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Iraqi justice minister escapes suicide bomb attack
Updated: 2004-07-17 16:59

A suicide car bomber blew up his vehicle as a convoy carrying Iraq's justice minister drove past in Baghdad Saturday, killing four people but not wounding the minister, police and U.S. troops at the scene said.

Another car bomb blast in Mahmudiya, just south of Baghdad, killed two Iraqi National Guardsmen and wounded 25 people, the latest in a series of attacks targeting Iraq's security forces.

A member of Muqtada al-Sadr's militia guards afternoon prayers in the Sadr City neighborhood of Baghdad, Iraq, July 16, 2004. Al-Sadr's militia, who fought U.S. troops for two months, is quietly working to transform itself into a behind-the-scenes political power. [AP]
Witnesses said the Baghdad suicide bomber drove toward the convoy carrying Justice Minister Malik al-Hassan and then detonated his vehicle in a ball of flame.

"There was a blast alongside the convoy. A booby-trapped car came alongside and blew up," said Hussein Abed, a traffic policeman who raced to the scene after the blast.

Abdul Nasser Mohammed, an Iraqi bodyguard at the scene, said four people were killed in the explosion. He pointed at one destroyed car and said: "Two were killed in this car and all we found was body parts."

Five gutted cars were littered across the road, and Iraqis collected human remains from the street. One boy scooped up pieces of flesh using two cigarette packets. An Iraqi man collected remains on a tray, mostly unidentifiable apart from a piece of foot with the big toe still intact.

"What I want to highlight is that this is clearly a terrorist attack by people who do not want to see this country move forward," said Col. Michael Formica of the U.S. 1st Cavalry Division.

Hospital officials said at least eight people were wounded.

"We were working as painters near the ministry house when suddenly there was an explosion," one of the wounded, Khalid Waleed, said as he lay in a hospital bed. "The glass shattered everywhere, hitting us."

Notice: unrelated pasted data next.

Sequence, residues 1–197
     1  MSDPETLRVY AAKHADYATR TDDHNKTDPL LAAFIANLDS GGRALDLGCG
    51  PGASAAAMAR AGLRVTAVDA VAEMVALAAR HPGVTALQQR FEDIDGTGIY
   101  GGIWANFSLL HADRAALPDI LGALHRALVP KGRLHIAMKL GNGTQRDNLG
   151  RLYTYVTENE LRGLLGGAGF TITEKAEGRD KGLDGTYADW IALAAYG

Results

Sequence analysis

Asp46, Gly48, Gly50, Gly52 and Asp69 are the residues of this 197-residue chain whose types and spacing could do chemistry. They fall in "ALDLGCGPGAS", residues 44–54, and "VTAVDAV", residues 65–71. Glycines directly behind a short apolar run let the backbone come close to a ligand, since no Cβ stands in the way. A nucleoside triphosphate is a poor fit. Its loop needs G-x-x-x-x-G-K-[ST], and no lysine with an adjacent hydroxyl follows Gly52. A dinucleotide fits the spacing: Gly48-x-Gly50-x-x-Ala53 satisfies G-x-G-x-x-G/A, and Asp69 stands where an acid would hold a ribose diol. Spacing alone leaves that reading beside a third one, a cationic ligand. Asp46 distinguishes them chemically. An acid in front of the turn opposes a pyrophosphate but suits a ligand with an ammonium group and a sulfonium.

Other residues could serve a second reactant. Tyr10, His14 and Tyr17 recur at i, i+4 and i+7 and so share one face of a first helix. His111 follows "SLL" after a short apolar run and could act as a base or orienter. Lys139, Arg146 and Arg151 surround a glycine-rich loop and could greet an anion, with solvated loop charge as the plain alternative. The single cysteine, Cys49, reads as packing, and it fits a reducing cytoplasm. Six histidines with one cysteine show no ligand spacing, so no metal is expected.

Insurgents have repeatedly targeted top officials. Earlier this week a regional governor was killed when his convoy was ambushed. In May, a suicide car bomb attack killed Izzedin Salim, the president of the country's Governing Council.

A group linked to Jordanian born al Qaeda ally Abu Musab al-Zarqawi claimed responsibility for both those attacks.

Zarqawi's group has also beheaded a U.S. and a South Korean hostage, and says it has killed one of two Bulgarians kidnapped in Iraq earlier this month.

Diplomats in Baghdad and Bulgarian officials said a headless corpse in an orange jumpsuit found in the Tigris River on Thursday was probably that of one of the Bulgarians. Hopes of finding the second Bulgarian alive were fading, they said.

"The information is unfavorable but we are still awaiting confirmation," Bulgarian Prime Minister Simeon Saxe-Coburg told reporters when asked about the fate of the second hostage.

Guerrillas in Iraq have also seized a Filipino driver and an Egyptian. The Philippines is withdrawing its small military contingent from Iraq ahead of schedule in an effort to save the life of truck driver Angelo de la Cruz.

Washington has criticized the pull-out and Iraq's interim Prime Minister Iyad Allawi has also urged foreign countries not to give in to insurgents and hostage takers.

The United States, which led the invasion that ousted Iraqi President Saddam Hussein last year, says its coalition remains strong despite the Philippine decision to follow Spain, the Dominican Republic, Nicaragua and Honduras in pulling out.

De la Cruz said in a message he would be returning home, Arabic channel Al Jazeera said on Thursday. But the group holding the father of eight said it would free him only after Manila withdrew its last soldier.

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